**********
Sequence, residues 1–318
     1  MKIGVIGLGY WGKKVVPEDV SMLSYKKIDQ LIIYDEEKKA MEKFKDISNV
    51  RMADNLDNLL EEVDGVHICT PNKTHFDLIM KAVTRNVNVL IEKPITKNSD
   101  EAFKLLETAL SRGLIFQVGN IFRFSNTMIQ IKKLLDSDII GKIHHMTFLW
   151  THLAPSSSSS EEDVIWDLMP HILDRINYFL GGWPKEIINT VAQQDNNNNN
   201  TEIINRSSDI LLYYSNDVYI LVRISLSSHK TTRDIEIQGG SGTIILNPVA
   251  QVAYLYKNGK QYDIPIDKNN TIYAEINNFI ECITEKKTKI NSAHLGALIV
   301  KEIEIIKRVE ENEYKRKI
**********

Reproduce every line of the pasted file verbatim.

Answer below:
Sequence, residues 1–318
     1  MKIGVIGLGY WGKKVVPEDV SMLSYKKIDQ LIIYDEEKKA MEKFKDISNV
    51  RMADNLDNLL EEVDGVHICT PNKTHFDLIM KAVTRNVNVL IEKPITKNSD
   101  EAFKLLETAL SRGLIFQVGN IFRFSNTMIQ IKKLLDSDII GKIHHMTFLW
   151  THLAPSSSSS EEDVIWDLMP HILDRINYFL GGWPKEIINT VAQQDNNNNN
   201  TEIINRSSDI LLYYSNDVYI LVRISLSSHK TTRDIEIQGG SGTIILNPVA
   251  QVAYLYKNGK QYDIPIDKNN TIYAEINNFI ECITEKKTKI NSAHLGALIV
   301  KEIEIIKRVE ENEYKRKI